TESL Toronto would like to present one of our members, Brett Reynolds, in a regular guest blogging position as he discusses Grammarology 2.0!
In this column, which will run roughly twice a month, I’ll tackle grammar questions from two viewpoints: first, traditional school grammar, as exemplified by the Oxford English Dictionary 2nd edition and grammars such as Reed and Kellogg’s Higher Lessons in English, Henry Sweet’s A new English Grammar, and their progeny; and second a more modern analysis following The Cambridge Grammar of the English Language (CGEL) and its companion A Student’s Introduction to English Grammar.
Although there are various approaches to grammar, a glance at published textbooks and school curricula, and observations of various classrooms shows that “current traditional grammar” dominates English language teaching in Ontario. This is typically a catch-as-catch-can mingling of traditional school grammar with various modern innovations and ESL-specific rules of thumb. The LINC grammar items listed in the LINC 5-7 Curriculum Guidelines exemplify this nicely. On page 336, we find phrase defined as:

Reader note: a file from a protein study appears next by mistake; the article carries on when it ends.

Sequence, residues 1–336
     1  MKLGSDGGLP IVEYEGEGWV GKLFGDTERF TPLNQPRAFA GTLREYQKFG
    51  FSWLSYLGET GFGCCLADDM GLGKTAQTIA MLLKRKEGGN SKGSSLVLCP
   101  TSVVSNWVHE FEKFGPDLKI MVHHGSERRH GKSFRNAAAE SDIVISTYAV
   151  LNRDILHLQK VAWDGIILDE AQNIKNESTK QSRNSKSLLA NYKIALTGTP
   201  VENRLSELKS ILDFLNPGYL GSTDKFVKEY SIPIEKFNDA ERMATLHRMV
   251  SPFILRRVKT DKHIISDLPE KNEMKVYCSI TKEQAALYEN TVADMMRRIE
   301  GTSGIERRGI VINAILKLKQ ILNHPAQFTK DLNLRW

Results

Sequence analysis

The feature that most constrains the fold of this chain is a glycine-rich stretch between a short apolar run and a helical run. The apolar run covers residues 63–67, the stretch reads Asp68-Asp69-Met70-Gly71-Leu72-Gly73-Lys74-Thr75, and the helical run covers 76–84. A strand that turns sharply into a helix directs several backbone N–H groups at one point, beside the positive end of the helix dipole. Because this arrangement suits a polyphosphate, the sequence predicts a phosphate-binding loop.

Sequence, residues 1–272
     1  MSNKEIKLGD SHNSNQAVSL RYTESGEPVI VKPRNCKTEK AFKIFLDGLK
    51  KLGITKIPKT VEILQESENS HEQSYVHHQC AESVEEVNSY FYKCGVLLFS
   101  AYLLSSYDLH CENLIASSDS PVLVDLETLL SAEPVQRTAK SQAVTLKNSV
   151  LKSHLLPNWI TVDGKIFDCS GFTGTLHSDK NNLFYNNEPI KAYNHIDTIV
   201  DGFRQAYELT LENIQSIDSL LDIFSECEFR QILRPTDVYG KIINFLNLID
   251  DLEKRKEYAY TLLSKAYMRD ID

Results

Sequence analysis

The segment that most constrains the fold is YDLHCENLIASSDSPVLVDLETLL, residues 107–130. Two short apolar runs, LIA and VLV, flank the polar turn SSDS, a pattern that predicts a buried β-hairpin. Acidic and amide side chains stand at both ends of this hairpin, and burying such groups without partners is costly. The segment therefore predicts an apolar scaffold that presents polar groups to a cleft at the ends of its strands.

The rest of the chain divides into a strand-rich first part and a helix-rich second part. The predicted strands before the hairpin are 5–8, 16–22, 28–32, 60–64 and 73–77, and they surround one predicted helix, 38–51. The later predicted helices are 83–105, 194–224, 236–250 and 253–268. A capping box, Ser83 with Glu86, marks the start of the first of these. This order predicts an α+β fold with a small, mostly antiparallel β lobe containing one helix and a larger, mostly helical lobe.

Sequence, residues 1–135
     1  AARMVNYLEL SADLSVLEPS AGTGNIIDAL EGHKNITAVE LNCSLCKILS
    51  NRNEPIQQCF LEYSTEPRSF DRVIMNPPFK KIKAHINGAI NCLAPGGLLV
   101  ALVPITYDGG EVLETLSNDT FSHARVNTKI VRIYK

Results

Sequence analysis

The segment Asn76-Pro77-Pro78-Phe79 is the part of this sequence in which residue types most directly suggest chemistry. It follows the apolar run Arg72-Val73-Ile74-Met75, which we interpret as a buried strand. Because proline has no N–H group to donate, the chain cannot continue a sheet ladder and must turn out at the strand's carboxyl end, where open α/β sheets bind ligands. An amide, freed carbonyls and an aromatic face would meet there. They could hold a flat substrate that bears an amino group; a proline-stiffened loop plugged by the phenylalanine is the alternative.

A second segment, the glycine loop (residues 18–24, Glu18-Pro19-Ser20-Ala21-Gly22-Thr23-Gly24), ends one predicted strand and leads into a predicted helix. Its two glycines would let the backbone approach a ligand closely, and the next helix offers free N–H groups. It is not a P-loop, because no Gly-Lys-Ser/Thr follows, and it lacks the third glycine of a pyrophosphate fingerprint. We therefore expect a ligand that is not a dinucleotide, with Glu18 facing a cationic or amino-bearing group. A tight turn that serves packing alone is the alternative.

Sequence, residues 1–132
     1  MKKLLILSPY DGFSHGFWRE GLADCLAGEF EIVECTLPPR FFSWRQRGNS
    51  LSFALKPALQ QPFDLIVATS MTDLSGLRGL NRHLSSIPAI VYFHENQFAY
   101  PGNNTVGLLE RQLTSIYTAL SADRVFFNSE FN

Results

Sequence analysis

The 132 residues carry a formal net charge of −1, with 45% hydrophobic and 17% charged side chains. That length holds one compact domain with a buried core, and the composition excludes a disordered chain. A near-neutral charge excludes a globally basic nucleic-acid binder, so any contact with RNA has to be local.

“A group of related words that does not contain a subject and a predicate. A phrase cannot stand alone as a sentence. There are several different kinds of phrases: prepositional phrases, participial phrases, adjective phrases, gerund phrases, infinitive phrases, verb phrases, and so forth. A phrase is named for the word that introduces it.”
This begins with the traditional definition but continues with a thoroughly modern idea of a phrase. You don’t find various types of phrases, such as verb phrase or adjective phrase, discussed in traditional grammars. There, a phrase is roughly a syntactic unit larger than a word and smaller than a clause and lacking a main verb. Of course, this conflicts with the modern idea of a verb phrase. This seemingly unconscious blending is similarly evident in the Longman Dictionary of Language Teaching and Applied Linguistics (discussed here) and TESOL’s “Grammatically Speaking” column (discussed here). On the other hand, the LINC document also includes adjective clause, a term that would have been familiar to Reed and Kellogg but is not used in the CGEL.
Beyond this mix of the traditional and the modern, the LINC document includes definitions that reflect neither approach. Consider the definition of linking verbs as “verbs that express state or feeling rather than action,” (p. 335) which could do with some attention and which brings us to our inaugural question: what is a linking verb anyhow? Now online!